Most Venerable Members of the Maha Sangha
Members of the clergy of other religions
Hon. Prime Minister
Hon. Maithripala Sirisena and all
Hon. Ministers, Governors, Chief Ministers,
All representatives of the people
It is our immense privilege to witness another great victory of irrigation in Sri Lanka. Personally, today I have the satisfaction of having carried out a great responsibility placed upon me by history. The pleasure I feel today is the same as what I felt as a child when I walked behind by father and relations at the chena, the paddy field, the threshing floor, and jumped over bunds and sluices of the paddy fields. The wind that brings the scent of the cocoa and cardamom fields of Matale to me today is the same as the winds that blew over the “kurahan” fields of Weeraketiya.
Mr.President, Excellencies, Distinguished Delegates, Ladies and Gentlemen.
It gives me great pleasure to be in Havana today and speak on behalf of my country – Sri Lanka.
Our country has been a member of the Non-Aligned Movement from its very inception, 45 years ago. Sri Lanka’s association with the Movement, in fact, precedes the Belgrade Conference. We take modest pride in having played a role in the very founding of the Non-Aligned movement as one of the 5 convenors of the Afro-Asian Conference in Bandung in 1955, - a meeting which indeed inspired the birth of our Movement.
Statement by Hon. Mangala Samaraweera, Minister of Foreign Affairs of Sri Lanka in the plenary session of the Foreign Ministers meeting of the 14th NAM Summit - Cuba
First of all, I would like to congratulate Cuba in taking over the leadership of the 14th Non-Aligned Movement. I also like to thank you for the gracious hospitality extended and the excellent arrangements made to host this summit in Havana.
DCAF-EPC-KBF Workshop on
Security Sector Reform in Post-Conflict Peacebuilding: Towards an EU-UN Partnership?
Polak Room, Résidence Palace, Brussels, 28 June 2006
Ambassador Jayantha Dhanapala, Senior Advisor to the President of Sri Lanka; former Under-Secretary General for Disarmament Affairs, Department of Disarmament Affairs, United Nations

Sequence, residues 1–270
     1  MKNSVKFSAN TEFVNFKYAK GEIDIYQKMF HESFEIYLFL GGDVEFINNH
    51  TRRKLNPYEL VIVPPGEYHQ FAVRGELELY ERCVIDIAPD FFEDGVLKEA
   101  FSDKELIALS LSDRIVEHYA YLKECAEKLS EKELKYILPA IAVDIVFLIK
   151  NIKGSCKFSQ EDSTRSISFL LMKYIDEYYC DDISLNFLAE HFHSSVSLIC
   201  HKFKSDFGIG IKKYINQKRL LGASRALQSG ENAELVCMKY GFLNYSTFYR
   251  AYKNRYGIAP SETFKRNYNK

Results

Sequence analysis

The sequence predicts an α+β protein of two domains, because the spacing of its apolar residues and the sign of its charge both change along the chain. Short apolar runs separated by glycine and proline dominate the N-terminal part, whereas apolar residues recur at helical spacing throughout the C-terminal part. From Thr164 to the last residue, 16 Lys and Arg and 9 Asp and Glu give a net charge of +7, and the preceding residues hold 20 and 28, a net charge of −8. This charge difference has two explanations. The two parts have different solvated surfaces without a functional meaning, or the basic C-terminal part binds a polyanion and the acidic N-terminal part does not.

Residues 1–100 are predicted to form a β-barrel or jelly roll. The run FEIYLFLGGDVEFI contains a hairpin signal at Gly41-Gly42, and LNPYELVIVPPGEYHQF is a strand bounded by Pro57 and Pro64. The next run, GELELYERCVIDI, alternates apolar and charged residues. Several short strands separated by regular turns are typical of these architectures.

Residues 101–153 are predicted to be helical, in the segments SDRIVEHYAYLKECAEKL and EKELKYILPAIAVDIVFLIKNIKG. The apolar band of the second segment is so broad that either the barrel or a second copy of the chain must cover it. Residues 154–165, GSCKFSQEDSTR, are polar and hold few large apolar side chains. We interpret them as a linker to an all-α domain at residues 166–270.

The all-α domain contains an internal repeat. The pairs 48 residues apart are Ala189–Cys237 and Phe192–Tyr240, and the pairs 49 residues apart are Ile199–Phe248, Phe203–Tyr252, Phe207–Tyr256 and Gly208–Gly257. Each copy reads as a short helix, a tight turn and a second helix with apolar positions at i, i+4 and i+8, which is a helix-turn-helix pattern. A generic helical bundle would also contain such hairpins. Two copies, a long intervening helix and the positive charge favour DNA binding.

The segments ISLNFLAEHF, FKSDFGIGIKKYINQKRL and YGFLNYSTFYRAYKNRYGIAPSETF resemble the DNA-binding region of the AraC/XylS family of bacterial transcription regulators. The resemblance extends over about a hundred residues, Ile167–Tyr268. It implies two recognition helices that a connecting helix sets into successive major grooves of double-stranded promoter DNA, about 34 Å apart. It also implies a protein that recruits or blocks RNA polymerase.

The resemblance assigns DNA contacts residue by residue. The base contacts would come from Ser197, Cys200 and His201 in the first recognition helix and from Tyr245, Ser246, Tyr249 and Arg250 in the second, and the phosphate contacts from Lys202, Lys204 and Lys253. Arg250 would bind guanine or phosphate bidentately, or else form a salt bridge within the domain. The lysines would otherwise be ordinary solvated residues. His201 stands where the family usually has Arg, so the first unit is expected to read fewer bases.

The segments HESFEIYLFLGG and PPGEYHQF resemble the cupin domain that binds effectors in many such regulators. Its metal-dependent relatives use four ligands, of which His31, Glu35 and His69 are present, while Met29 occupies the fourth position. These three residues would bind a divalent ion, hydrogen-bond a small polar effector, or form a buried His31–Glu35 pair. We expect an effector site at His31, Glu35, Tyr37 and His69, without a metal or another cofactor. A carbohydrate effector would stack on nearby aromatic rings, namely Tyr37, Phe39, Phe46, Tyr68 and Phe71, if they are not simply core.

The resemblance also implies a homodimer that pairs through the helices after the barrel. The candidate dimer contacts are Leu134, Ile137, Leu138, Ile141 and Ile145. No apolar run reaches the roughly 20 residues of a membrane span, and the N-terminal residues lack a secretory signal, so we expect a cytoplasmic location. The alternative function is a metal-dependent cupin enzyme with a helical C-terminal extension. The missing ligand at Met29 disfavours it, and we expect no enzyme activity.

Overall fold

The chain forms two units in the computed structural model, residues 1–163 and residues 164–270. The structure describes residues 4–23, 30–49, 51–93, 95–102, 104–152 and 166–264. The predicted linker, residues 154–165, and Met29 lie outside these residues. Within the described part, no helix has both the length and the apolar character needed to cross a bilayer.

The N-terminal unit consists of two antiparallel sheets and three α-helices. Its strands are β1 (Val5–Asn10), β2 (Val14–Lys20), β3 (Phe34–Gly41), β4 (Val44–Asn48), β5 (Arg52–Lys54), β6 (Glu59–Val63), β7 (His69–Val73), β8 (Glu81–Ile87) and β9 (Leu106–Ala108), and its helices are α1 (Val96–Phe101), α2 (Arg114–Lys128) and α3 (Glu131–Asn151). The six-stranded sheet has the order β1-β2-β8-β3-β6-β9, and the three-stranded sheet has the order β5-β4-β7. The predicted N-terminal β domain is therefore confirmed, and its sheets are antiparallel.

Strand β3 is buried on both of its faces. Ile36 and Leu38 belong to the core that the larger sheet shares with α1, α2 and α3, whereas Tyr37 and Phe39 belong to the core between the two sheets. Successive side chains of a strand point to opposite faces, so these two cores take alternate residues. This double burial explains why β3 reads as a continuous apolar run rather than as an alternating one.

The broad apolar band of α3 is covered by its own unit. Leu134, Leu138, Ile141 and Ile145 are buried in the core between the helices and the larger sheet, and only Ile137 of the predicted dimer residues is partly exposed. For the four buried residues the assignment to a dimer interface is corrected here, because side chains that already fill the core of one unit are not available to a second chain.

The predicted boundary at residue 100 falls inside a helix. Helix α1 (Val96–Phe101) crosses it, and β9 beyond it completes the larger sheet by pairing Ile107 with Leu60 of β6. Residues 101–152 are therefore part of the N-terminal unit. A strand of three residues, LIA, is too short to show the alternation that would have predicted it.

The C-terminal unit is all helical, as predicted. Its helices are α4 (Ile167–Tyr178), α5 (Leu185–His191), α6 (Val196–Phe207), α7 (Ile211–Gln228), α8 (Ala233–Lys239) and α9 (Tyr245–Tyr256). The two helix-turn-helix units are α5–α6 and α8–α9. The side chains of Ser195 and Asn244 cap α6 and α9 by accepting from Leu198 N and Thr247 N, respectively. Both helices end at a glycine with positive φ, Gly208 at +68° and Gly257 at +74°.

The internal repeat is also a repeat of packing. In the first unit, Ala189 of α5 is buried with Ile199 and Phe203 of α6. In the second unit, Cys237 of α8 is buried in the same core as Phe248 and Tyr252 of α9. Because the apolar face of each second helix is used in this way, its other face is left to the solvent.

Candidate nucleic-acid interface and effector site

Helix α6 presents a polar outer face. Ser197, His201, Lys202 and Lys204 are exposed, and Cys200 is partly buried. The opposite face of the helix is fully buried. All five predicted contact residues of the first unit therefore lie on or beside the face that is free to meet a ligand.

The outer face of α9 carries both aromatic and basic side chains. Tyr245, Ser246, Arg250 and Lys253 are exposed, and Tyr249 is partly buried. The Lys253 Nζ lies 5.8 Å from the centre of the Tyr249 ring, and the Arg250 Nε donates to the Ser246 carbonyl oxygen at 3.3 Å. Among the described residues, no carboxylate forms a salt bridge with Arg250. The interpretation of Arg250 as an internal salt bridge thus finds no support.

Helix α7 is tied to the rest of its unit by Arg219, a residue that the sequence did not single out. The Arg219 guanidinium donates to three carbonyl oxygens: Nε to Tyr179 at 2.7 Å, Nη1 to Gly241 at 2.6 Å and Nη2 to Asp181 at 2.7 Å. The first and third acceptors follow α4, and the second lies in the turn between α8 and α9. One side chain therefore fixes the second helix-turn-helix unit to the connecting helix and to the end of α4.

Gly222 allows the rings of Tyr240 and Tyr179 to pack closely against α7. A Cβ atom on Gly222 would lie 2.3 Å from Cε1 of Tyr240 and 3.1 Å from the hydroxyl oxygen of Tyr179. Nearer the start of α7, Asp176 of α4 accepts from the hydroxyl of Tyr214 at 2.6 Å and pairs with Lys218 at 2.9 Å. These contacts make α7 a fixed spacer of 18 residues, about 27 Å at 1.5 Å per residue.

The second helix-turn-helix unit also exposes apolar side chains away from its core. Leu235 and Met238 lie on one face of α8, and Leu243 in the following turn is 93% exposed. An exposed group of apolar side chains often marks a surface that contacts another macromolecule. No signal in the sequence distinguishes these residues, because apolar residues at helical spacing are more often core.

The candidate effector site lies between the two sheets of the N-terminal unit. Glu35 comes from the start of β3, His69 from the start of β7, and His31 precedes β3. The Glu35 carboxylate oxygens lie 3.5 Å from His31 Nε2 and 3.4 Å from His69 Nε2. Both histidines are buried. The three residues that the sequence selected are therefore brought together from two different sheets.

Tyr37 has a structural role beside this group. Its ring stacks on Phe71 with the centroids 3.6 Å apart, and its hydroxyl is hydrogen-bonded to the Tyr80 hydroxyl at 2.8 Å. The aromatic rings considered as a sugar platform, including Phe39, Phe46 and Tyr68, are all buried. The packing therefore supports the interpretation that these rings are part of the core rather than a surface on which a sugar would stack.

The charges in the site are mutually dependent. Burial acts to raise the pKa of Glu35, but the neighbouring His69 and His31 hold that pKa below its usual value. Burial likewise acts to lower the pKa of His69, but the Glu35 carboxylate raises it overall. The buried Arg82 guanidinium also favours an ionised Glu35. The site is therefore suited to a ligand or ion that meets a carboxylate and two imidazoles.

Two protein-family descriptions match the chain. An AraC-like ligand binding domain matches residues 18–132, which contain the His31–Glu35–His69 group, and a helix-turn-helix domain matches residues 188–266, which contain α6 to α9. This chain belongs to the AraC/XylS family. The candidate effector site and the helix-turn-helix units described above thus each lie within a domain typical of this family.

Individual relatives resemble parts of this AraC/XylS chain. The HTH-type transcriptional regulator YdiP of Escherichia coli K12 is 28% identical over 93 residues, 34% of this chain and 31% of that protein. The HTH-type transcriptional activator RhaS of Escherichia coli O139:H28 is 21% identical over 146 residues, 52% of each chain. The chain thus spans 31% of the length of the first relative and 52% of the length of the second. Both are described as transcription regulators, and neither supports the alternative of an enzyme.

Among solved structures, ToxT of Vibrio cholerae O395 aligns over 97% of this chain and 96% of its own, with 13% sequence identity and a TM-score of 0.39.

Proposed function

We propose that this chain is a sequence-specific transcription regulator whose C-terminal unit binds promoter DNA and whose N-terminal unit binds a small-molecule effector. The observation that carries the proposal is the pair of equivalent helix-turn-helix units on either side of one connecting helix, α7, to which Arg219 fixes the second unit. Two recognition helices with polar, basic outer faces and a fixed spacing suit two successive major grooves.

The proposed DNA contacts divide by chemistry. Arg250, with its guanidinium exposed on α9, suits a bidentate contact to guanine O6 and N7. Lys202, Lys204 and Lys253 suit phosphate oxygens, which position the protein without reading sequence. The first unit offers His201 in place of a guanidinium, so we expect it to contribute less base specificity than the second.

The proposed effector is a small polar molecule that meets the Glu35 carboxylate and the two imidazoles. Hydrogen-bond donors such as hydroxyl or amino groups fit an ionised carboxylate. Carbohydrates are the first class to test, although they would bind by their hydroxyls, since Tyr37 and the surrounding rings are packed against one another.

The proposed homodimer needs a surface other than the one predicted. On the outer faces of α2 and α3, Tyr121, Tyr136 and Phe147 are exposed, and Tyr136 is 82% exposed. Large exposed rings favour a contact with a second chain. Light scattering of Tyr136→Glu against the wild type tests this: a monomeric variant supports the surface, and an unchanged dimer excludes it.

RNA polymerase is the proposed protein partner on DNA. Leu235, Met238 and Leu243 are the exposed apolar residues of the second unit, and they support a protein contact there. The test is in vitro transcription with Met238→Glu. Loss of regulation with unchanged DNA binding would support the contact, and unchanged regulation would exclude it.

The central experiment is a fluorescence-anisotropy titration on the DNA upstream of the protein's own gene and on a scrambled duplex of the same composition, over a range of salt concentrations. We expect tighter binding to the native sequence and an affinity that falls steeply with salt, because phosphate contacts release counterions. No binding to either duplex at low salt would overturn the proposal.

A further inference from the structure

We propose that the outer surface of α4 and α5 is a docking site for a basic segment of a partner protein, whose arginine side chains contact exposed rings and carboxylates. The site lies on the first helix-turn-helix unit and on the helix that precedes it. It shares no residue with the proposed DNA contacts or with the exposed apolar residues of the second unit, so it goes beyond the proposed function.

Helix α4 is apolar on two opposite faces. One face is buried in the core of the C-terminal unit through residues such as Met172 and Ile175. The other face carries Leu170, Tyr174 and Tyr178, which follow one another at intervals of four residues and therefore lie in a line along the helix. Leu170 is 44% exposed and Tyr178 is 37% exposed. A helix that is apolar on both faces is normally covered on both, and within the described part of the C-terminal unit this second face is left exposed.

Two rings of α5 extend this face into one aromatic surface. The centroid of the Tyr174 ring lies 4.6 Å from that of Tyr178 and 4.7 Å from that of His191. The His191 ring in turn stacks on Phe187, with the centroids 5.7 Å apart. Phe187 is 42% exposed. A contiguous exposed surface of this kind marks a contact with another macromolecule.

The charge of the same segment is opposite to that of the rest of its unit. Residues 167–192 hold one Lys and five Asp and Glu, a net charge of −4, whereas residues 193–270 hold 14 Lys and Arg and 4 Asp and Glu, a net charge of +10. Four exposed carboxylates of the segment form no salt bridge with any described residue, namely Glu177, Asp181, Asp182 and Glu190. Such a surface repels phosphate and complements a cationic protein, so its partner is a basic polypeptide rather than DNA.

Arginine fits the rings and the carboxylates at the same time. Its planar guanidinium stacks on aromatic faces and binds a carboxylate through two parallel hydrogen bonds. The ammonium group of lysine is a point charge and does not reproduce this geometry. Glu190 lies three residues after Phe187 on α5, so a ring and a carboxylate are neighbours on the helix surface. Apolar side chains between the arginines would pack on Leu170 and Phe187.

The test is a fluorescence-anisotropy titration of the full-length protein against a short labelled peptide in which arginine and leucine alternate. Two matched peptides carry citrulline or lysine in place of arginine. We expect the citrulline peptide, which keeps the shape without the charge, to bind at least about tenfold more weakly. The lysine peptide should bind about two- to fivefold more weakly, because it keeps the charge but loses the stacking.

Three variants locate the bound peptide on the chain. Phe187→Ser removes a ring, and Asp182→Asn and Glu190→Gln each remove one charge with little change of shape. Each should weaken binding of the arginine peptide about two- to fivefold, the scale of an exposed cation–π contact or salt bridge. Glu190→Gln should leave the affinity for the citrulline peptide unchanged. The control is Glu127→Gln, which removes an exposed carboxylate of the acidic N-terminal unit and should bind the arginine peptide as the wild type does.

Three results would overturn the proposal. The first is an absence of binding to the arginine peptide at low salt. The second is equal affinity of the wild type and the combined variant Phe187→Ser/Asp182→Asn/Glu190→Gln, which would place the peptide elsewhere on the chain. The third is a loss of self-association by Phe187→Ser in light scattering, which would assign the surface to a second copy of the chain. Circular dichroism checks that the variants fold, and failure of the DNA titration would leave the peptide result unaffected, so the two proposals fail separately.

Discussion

I am very grateful for the opportunity to speak on such an important topic at a time when both these issues – security sector reform and post conflict peacebuilding – are rightly receiving significant attention from policy makers and practitioners not just in Brussels and New York but in the field as well. All this is part of the endeavours to help states emerging from conflict in building a peaceful and stable future. The international community’s efforts to engage in post-conflict peacebuilding has a long history while, on the other hand, security sector reform – in short: SSR – is a relatively new and emerging concept. But it too has an important heritage, grounded as it is in the key principles of good governance and the vital message that the security sector should not be ignored – on the contrary should be a central focus in applying the principles of accountability, transparency and the rule of law – if states and their citizens in states that suffer the consequences of armed conflict are to achieve a peaceful and secure future.
Ladies and gentlemen,
At the outset, on behalf of the Government of Sri Lanka, I would like to congratulate Ambassador Prasad Kariyawasam on his election as the President of this conference. I assure you the fullest cooperation of my delegation to lead this conference towards a successful conclusion.
ANNUAL CONFERENCE 2006 OF THE BOAO FORUM FOR ASIA
"NEW OPPORTUNITIES FOR ASIA: DRIVING GROWTH TO THE NEXT LEVEL"
22-23 APRIL, 2006
ASIA, THE ROLE OF THE UNITED NATIONS AND ECONOMIC GLOBALIZATION STATEMENT BY JAYANTHA DHANAPALA, SENIOR ADVISER TO THE PRESIDENT OF SRI LANKA
The second half of the 20th century saw the genesis of modern Asia's economic ascendancy. It began with the miracle of post World War II economic development in Japan in the 1950s and 60s; followed by the remarkable growth of the so-called "newly industrialized economies" of the Republic of Korea and South-east Asia; and, later, by the impressive growth of China and India. This has been broadly coterminous with the 60-year-old history of the United Nations, where the Asian Group now has 54 countries, and with the process of globalization. The 21st century will undoubtedly see its full efflorescence - provided good governance, education, health, the environment and infrastructure needs receive the priority they deserve. Given the growing economic content in political power and other non-military aspects of security, a shift of the centre of gravity of global power may well be possible.
Members of the Committee on Foreign Affairs of the European Parliament,
I am pleased to be here with you today, and at the outset let me thank you Mr Chairman and members of the Foreign Relations Committee of the European Union for giving me the opportunity to address you. I am here at a time when many positive developments are taking place in my country especially in relation to the peace process. The Government has just concluded a round of talks with the Liberation Tigers of the Tamil Eelam (LTTE) in Geneva after a lapse of nearly three years, and the next round of talks are scheduled for late April.